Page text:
The Centers for Disease Control and Prevention (CDC) has issued the CDC Health Disparities and Inequalities Report — United States, 2011, which is the first in a series of regular reports that focus on selected topics that are important to CDC’s efforts to eliminate disparities.
I think the CDC's key findings on preterm birth disparities are worth bringing to your attention, so I am sharing the findings here. The text below comes from the CDC's Health Disparities in Preterm Births Factsheet (pdf)
Released as an MMWR Supplement, the report contains 22 topical essays that address disparities in health-care access, exposure to environmental hazards, mortality, morbidity, behavioral risk factors, and social determinants of selected health problems at the national level. The report provides an analysis of the recent trends and ongoing variations in health disparities and inequalities in selected social and health indicators. The data highlight the considerable and persistent gaps between the healthiest people and the least healthy. By documenting these gaps, CDC hopes to spur further action and attention to these issues at the federal, state and local levels.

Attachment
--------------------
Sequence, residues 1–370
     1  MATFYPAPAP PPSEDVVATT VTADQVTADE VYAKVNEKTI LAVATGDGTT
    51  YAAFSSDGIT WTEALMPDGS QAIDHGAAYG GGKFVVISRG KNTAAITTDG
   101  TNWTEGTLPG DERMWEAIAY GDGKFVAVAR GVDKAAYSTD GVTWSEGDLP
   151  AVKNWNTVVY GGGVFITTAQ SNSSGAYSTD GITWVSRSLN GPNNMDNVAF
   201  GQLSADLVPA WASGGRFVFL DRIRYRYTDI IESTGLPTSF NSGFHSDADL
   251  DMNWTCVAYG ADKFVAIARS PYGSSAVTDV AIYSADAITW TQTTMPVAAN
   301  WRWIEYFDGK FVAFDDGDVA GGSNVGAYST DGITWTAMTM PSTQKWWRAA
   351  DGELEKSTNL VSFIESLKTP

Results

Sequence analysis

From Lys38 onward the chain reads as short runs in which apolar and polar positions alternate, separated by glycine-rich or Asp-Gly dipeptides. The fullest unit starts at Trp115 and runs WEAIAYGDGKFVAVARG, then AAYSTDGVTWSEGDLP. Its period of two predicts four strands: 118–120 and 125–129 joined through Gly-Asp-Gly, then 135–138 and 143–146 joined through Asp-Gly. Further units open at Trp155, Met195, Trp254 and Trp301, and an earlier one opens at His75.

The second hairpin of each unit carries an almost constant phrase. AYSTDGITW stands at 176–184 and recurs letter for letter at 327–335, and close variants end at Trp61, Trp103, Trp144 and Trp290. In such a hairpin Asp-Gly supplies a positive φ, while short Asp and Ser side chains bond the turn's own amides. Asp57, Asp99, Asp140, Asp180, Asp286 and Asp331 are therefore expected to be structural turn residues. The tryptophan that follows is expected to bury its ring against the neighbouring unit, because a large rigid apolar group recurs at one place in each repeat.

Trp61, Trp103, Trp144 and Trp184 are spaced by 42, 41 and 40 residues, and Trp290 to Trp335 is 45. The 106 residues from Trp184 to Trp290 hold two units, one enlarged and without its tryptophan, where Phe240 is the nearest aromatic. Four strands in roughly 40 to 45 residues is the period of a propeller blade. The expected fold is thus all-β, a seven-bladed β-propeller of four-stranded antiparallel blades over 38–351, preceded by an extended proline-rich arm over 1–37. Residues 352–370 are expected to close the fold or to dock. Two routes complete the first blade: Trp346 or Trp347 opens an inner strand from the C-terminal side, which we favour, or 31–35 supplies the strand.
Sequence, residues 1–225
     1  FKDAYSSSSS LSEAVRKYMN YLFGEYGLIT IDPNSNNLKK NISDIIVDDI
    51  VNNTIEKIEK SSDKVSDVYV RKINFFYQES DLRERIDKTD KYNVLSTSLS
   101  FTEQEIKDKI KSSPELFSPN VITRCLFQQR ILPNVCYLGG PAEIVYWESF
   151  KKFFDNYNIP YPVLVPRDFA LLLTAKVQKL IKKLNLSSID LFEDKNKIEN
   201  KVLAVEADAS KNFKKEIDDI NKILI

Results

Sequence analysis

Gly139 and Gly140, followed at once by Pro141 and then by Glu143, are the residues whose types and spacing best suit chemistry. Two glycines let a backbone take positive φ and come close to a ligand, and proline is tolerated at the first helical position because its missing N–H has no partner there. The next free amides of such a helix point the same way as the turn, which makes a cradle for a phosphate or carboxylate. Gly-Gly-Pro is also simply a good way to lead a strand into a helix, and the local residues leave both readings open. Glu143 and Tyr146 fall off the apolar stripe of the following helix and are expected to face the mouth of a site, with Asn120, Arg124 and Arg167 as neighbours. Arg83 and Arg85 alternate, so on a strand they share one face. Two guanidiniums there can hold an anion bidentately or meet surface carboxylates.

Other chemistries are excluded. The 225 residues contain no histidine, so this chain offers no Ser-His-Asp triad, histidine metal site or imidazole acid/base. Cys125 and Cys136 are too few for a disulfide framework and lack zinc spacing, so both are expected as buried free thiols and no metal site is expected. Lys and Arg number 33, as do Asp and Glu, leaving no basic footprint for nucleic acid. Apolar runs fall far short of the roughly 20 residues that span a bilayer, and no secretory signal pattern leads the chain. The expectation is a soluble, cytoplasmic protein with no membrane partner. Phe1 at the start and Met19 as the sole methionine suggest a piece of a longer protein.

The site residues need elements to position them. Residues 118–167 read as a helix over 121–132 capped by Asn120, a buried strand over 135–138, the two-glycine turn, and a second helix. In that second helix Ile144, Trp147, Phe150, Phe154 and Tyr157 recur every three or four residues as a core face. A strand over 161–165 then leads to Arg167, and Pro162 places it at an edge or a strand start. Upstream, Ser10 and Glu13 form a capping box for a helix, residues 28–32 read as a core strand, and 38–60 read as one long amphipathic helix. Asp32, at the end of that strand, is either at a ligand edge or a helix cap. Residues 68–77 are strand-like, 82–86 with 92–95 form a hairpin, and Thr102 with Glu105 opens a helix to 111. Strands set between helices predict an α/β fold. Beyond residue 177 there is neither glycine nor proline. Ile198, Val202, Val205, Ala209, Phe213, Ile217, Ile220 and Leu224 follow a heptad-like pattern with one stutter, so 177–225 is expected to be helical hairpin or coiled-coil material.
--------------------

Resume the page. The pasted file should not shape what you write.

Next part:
Key Findings in Preterm Births Disparities
• Approximately one of every five infants born to non-Hispanic black mothers in 2007 was born preterm, compared with one of every eight to nine infants born to non-Hispanic white and Hispanic women.
• The 2007 preterm birth rate for non-Hispanic black infants was 59% higher than the rate for non-Hispanic white infants and 49% higher than the rate for Hispanic infants.
What Can Be Done
Understanding of the causes for these wide disparities in preterm risk is limited. Reported causes include differences in socioeconomic status, prenatal care, maternal risk behaviors, infection, nutrition, stress, and genetics. Multidisciplinary research into the factors influencing preterm birth is needed for developing effective intervention strategies.
CDC will accelerate its efforts to eliminate health disparities with a focus on surveillance, analysis, and reporting of disparities and the identification and application of evidence-based strategies to achieve health equity.
CDC and its partners can use the findings in this periodic report to raise awareness and understanding of groups that experience the greatest health disparities. The findings also can help motivate increased efforts to intervene at the state, tribal, and local levels to address health disparities and inequalities.
Further information on the Health Disparities Report can be found here.